Lake Waccamaw, North Carolina

Lake Waccamaw Spring 2019

Here’s a quickie post of our Easter weekend at Lake Waccamaw. It was very stormy on Friday with a couple of tornado warnings nearby. Of course the weather cleared up on the day we left. As usual, the birds amused me and I saw a pileated woodpecker. You can see some of the damage on the piers from Hurricane Florence last September. My sister’s house is repaired and livable again. As they began doing the repairs, they found less that needed to be done. That’s pretty unusual. The fact that the house is uninsulated helped – no moisture sitting in the walls to grow mold in. Still, it was a big repair job and much of the furniture was ruined. Now it is nice again.

My cousin’s house is still standing, but it needs to be torn down.

Lake Waccamaw

Lake Waccamaw

Lake Waccamaw

Lake Waccamaw

art retreats, book arts, dyeing, Mixed media art, North Carolina, North Carolina beaches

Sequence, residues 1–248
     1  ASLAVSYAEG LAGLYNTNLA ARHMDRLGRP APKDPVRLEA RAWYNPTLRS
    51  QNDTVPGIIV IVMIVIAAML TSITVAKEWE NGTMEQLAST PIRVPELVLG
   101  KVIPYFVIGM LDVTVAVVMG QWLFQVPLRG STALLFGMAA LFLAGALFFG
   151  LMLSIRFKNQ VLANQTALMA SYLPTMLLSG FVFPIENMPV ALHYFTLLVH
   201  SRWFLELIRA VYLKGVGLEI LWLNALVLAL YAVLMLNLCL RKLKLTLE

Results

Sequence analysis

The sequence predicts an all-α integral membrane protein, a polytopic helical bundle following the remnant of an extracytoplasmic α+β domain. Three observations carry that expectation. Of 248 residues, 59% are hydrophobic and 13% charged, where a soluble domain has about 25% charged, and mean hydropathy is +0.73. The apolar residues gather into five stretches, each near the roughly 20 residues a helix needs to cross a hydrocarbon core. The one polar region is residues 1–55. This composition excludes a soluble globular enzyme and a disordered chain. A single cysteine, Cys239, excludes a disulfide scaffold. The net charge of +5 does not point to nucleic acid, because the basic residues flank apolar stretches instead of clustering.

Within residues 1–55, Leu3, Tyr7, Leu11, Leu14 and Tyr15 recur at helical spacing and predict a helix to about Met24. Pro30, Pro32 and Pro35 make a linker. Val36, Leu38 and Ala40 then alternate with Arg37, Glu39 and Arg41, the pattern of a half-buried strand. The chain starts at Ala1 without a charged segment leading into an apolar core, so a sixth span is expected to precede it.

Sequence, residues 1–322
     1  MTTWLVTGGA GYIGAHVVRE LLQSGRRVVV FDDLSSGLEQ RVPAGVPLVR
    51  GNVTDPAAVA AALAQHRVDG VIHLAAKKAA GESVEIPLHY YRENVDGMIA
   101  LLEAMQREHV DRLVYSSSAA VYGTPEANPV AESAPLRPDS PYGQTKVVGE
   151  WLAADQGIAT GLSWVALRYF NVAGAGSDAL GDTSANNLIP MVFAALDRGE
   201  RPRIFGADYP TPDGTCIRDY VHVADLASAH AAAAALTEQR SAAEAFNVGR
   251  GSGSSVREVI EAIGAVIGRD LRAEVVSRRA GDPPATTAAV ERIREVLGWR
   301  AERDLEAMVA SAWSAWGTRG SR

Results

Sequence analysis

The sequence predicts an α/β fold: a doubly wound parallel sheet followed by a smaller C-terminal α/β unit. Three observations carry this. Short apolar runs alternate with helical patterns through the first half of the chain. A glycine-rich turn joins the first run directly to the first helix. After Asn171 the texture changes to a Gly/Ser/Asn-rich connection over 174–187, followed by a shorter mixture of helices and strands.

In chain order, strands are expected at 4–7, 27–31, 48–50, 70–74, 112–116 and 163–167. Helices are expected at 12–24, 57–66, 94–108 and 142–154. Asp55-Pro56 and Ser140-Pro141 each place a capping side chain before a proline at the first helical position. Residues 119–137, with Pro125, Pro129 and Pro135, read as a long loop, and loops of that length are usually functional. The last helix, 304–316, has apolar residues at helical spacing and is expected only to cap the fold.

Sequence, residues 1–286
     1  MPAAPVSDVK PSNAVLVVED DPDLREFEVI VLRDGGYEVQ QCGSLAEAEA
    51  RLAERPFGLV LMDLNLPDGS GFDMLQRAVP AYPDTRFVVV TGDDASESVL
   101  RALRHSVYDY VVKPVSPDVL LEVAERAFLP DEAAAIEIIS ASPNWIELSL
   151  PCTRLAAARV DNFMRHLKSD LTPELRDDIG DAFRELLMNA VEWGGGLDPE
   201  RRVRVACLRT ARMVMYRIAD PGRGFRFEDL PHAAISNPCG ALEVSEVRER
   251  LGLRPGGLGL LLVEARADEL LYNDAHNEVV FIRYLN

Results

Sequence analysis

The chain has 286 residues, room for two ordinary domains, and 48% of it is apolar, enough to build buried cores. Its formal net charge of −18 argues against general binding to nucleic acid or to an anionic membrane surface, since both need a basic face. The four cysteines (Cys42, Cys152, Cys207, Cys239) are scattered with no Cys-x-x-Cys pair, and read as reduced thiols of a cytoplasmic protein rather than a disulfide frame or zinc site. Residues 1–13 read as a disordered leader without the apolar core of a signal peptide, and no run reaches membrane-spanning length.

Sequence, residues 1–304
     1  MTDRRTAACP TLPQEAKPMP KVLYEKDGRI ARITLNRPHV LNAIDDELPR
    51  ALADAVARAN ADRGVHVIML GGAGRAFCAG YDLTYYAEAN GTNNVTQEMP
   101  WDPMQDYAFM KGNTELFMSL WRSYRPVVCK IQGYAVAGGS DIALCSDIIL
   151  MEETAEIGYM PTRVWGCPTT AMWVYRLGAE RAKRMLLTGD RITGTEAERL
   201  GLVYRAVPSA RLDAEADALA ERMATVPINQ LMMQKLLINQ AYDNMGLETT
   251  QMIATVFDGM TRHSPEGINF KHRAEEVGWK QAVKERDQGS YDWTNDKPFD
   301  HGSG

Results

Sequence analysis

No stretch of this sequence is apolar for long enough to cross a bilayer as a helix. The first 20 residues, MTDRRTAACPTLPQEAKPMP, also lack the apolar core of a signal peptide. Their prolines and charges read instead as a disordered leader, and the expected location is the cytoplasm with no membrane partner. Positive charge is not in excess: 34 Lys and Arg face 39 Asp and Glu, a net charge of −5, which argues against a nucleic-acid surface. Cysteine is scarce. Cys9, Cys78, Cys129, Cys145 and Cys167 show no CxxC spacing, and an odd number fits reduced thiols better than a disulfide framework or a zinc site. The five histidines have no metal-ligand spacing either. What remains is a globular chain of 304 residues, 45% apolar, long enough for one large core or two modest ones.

Ancient Wisdom


A couple of weekends ago, Susanne, Sandy, and I went to Topsail Beach for a long weekend. Sandy hung out by himself mostly while Susanne and I took a workshop with Leslie Marsh and Kim Beller called Ancient Wisdom. We stayed at the Jolly Roger Inn and Pier. The weather was a bit chilly and cloudy and it rained really hard one night but we got out on the beach a little. We had oceanfront rooms and that was nice.

We drove down on Thursday evening and ate dinner at the Beach Shop and Grill. With that name we expected hamburgers and hot dogs but it was a very expensive and wonderful restaurant. Sandy saved us by picking up the check. He had crab cakes that were divine. I am not sure that there was any bread in them at all. Susanne and I had shrimp and grits and I think that they might now be number one on my list of favorite shrimp and grits places.

In the morning, we indulged in doughnuts from the Fractured Prune. At this point I knew that there was no hope for my diet. When we went back to the hotel room, Susanne and I walked on the beach and picked up stuff, as you do, and after we went up to our rooms this guy showed up drawing fabulous runes on the beach in front of our hotel. Our own personal installation artist.

Friday afternoon was spent cutting our windows into bookboard and wrapping the covers with plaster gauze. They had to cure overnight.

When we got back to the hotel, the artist had finished.

Then we drove to Wilmington and ate dinner at one of our favorite places: Indochine. The rumors of its demise during Hurricane Florence are not true, thankfully.